The Evidence Base for Developing a Veterinary Business Management CurriculumElizabeth L. Jackson BAg (Hons) MBA PhD SFHEA1*
1Royal Veterinary College, Hawkshead Lane, North Mymms, Hatfield, Hertfordshire, AL9 7TA, United Kingdom
*Corresponding Author (email@example.com)
Vol 1, Issue 2 (2016)
Published: 02 June 2016
Reviewed by: Hannah Perrin (BSc MA PGCHE PGDipHE FHEA PhD)
Objective: This paper sets out to highlight the ongoing need for integrated teaching of business skills in the veterinary curriculum.
Background: In response to the changing environment of the veterinary profession, it is important to understand the future needs of veterinary practitioners. While changes to the veterinary curriculum have been made in recent years, they have been highly varied across schools and little evidence is available on how these have improved students’ non-technical skills, knowledge, aptitudes, and attitudes.
Evidentiary value: This literature review of 23 papers provides a solid basis for the further development of knowledge on business management issues in veterinary curricula. The impact on practice from our findings is substantial. The role of clinicians in academia is recognised as a primary source of engaging students with business management through their day-to-day teaching. Furthermore, the role of first-opinion vets who take on placement students (known as extra mural studies or ‘EMS’ in the UK) cannot be underestimated as they play an essential role in ensuring that students perceive business skills with the same importance as clinical skills.
Methods: This research draws on the findings of 23 papers that emerged as relevant from the structured literature search. The search yielded 124 papers but many were excluded because they focused on issues beyond the search strategy, did not report empirical findings so were based largely on discussion and conjecture, were not about the undergraduate veterinary curriculum, were not written in English or were not related to business teaching.
Results: Employers of recent graduates highly value business skills, and often base their hiring decision on non-technical skills, rather than clinical skills. While changes to the veterinary curriculum have been made to include more non-technical training by individual veterinary schools, it is unclear how effective these programmes have been.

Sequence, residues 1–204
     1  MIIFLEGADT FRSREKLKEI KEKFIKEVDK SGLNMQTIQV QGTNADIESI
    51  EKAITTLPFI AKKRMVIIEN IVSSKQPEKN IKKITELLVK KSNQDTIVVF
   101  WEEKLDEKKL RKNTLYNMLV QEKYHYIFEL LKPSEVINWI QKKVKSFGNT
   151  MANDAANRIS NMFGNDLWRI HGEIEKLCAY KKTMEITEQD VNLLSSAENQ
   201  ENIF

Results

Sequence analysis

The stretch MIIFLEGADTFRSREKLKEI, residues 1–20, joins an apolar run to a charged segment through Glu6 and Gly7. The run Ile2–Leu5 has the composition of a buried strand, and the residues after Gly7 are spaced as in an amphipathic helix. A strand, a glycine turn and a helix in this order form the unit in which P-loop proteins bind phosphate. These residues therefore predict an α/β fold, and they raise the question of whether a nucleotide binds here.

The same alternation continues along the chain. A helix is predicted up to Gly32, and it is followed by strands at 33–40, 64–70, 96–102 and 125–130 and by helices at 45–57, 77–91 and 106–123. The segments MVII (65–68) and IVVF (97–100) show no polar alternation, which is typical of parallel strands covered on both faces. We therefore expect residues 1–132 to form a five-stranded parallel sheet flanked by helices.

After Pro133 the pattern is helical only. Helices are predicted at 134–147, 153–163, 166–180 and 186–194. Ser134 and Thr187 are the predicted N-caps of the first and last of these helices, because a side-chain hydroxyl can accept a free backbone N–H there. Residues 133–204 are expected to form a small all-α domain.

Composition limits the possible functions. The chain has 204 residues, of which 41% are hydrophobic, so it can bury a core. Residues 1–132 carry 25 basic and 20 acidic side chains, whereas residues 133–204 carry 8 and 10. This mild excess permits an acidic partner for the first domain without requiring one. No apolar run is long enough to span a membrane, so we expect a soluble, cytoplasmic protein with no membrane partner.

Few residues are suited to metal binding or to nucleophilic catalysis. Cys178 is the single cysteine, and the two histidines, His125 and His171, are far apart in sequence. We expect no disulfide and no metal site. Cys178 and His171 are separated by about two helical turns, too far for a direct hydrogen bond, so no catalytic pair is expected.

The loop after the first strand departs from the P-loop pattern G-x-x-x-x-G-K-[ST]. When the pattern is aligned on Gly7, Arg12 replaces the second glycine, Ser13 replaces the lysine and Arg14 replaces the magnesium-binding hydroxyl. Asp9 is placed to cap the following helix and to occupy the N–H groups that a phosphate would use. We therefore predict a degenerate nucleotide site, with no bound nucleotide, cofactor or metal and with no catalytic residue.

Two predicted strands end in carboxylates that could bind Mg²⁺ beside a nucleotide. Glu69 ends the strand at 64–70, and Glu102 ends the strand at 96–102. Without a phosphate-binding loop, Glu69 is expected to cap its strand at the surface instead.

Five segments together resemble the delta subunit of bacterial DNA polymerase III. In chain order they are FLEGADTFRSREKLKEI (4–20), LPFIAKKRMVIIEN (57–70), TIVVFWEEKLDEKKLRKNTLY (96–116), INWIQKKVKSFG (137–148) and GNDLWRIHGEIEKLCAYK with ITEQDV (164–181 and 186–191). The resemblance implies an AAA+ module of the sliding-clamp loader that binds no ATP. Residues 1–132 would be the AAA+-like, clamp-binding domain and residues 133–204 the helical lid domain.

Conclusion: Veterinarians have identified a need for greater inclusion of business skills in the veterinary curriculum, however successfully integrating business skills into the curriculum will mean that students learn business principles in non-traditional, non-lecture-style environments with materials inter-twining with clinical teaching. This will mean a significant shift from traditional classroom based delivery of business lectures to an integrated approach. This can only be achieved if business and clinical teaching staff work together in delivering business education to the next generation of veterinarians. That said, the evidence regarding the importance of business within the veterinary medical curriculum, coupled with increasing competition in the market for first-opinion veterinary services, means that changes in the approach to teaching business may be easier to achieve than ever before.
Application: The results of this research are applicable to practicing veterinarians in both academic and private practice. It is clear that business management needs to be integrated throughout the veterinary curriculum and thus ‘owned’ by academics with both clinical and non-clinical roles. Veterinarians in private practice also have a critical role to play as these people are the gatekeepers to the real-world experience that placement students encounter.
In response to the changing environment of the US veterinary profession, significant advancements were made in understanding the future needs of the veterinary profession by Brown and Silverman (1999). One of the resounding findings, later supported by Volk et al. (2011) and Harris and Lloyd (2011), was related to the skills, knowledge, aptitude and attitude of vets in terms of business, management and communication skills. The qualitative phase of Harris and Lloyd’s (2011) research showed that their research participants were not prepared for the management requirements of private practice and that they did not receive enough training in management, communications and other skills necessary for non-private practice. In terms of veterinary graduates being able to fulfil roles beyond the practice, it was found that vets would be in a better position to fill non-clinical roles if they had better training in speaking/writing, business, administration, personnel management, sales/marketing, finance and computing. Volk et al. (2011) went on to identify eight business practices as the leading predictors of higher personal income: business orientation, frequency of financial data review, employee development, negotiating skills, client loyalty, leadership, client retention and new client development. An important caveat to this list is that it is applicable to all types of vets (i.e. companion animal, equine, food animal and mixed-practice).